Impersonal, unethical offices are at most risk from employee theft.
Staff are more likely to steal from a faceless corporation than from an individual manager, a US psychologist has demonstrated. Employers can cut workplace pilfering by setting a good example and training people.
Jerald Greenberg of Ohio State University in Columbus asked 270 customer-service workers from a large US company to spend an hour outside their normal working time filling in a questionnaire. He then provoked them by paying each a measly $2 for their trouble.
Participants could help themselves to their payment from a bowl of pennies. About half chose to top up their earnings illicitly, by an average of 20 cents.
But almost no one took extra cash if they were told beforehand that the money belonged to the company's managers, rather than the company itself.
“If people are cheating and conniving at the top, they'll cheat and connive at the bottom Joshua Bamfield , Centre for”
Small amounts add up - Greenberg compares it to stealing office supplies. From petty theft to large-scale embezzlement, US workers are estimate to relieve their companies of about $400 million per year.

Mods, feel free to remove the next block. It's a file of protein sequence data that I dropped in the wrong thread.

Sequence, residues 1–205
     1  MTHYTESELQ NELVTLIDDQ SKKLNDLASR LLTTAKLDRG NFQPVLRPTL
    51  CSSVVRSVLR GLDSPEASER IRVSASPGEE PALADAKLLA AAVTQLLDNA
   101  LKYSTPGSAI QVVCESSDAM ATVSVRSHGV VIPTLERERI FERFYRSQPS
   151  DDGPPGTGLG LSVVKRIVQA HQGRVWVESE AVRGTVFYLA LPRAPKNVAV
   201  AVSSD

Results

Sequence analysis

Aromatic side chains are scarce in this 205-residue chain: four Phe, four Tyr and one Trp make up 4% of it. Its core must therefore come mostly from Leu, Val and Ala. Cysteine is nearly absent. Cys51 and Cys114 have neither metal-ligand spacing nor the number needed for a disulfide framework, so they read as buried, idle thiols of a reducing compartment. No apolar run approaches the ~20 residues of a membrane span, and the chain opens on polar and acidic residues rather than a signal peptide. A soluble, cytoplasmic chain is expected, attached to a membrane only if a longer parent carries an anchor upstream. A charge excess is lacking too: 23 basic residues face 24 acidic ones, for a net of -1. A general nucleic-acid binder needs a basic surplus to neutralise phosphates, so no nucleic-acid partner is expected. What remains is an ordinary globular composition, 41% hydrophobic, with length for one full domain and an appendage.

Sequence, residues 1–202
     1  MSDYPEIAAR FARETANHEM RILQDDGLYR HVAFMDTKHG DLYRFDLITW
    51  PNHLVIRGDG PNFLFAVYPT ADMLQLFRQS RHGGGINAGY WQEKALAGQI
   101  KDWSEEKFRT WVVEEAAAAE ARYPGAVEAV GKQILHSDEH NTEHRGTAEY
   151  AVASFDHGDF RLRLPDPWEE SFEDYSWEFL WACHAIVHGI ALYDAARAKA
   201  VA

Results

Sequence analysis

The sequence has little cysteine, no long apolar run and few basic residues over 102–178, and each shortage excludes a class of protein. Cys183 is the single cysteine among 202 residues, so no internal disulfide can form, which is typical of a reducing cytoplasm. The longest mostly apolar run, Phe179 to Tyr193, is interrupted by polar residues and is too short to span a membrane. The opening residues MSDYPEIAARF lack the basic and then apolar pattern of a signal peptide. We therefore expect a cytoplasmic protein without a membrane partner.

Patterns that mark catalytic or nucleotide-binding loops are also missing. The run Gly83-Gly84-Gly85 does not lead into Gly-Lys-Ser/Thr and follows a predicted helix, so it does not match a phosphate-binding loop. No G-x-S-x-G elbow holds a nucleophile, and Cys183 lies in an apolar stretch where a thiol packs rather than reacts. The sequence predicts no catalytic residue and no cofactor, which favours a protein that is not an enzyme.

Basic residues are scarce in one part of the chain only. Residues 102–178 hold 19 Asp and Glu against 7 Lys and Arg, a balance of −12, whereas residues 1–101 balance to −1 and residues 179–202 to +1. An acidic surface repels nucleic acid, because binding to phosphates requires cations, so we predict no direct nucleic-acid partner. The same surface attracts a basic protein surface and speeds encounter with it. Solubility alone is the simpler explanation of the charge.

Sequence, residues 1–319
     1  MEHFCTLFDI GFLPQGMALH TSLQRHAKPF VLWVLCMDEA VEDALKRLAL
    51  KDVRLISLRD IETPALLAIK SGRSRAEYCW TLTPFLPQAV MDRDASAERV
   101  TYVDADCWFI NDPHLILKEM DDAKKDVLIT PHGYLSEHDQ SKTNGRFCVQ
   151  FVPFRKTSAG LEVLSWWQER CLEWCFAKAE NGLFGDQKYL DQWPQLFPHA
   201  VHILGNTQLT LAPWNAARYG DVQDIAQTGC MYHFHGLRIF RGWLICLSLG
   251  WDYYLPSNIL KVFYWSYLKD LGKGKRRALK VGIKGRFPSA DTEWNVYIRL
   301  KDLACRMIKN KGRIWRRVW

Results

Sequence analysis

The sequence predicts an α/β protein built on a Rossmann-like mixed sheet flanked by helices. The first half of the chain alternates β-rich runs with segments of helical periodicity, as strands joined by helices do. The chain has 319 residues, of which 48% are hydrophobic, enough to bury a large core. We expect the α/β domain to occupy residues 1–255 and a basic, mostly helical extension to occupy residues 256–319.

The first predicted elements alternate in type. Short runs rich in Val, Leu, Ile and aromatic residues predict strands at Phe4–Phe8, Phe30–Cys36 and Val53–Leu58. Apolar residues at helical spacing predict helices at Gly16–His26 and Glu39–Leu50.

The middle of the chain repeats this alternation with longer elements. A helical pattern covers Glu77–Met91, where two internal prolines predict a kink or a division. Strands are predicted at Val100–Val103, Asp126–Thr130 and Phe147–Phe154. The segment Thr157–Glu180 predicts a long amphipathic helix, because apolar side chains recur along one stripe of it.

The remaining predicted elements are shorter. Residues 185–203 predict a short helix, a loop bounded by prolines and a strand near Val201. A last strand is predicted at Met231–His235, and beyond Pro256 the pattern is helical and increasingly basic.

Greenberg found less theft in offices with an ethics policy, where staff had been trained about the consequences of theft for the company and themselves. But ethical training had less effect on those who ranked below average in a test of moral development.
Companies can cut crime by encouraging employees to work out their ethical position, and by emphasizing the impact of their behaviour, agrees Joshua Bamfield a specialist on theft at the Centre for Retail Research in Nottingham, UK. But he doubts that ethics policies in themselves make much difference.
Employee theft is the result of a complex combination of opportunity, fear of getting caught, greed and financial need, says Bamfield. Company culture also matters: "If people are cheating and conniving at the top, they'll cheat and connive at the bottom."
Some harsh employers scare their workforce into honesty. "It's not necessarily the case that if you're a good employer, people won't steal from you."
Greenberg, J. Who stole the money, and when? Individual and situational determinants of employee theft. Organizational Behavior and Human Decision Processes, 89, 985 - 1003, (2002).
Centre for Retail Research Nottingham, UK